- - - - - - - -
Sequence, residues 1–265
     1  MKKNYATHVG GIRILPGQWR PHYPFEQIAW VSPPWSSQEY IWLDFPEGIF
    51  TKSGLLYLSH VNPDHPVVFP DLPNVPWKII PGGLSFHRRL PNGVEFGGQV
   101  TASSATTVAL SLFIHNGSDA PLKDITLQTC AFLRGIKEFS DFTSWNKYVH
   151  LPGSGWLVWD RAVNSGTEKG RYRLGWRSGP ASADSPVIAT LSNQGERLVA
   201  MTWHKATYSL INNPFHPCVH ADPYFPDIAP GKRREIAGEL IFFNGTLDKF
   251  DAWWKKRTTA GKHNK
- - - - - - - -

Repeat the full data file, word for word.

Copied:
Sequence, residues 1–265
     1  MKKNYATHVG GIRILPGQWR PHYPFEQIAW VSPPWSSQEY IWLDFPEGIF
    51  TKSGLLYLSH VNPDHPVVFP DLPNVPWKII PGGLSFHRRL PNGVEFGGQV
   101  TASSATTVAL SLFIHNGSDA PLKDITLQTC AFLRGIKEFS DFTSWNKYVH
   151  LPGSGWLVWD RAVNSGTEKG RYRLGWRSGP ASADSPVIAT LSNQGERLVA
   201  MTWHKATYSL INNPFHPCVH ADPYFPDIAP GKRREIAGEL IFFNGTLDKF
   251  DAWWKKRTTA GKHNK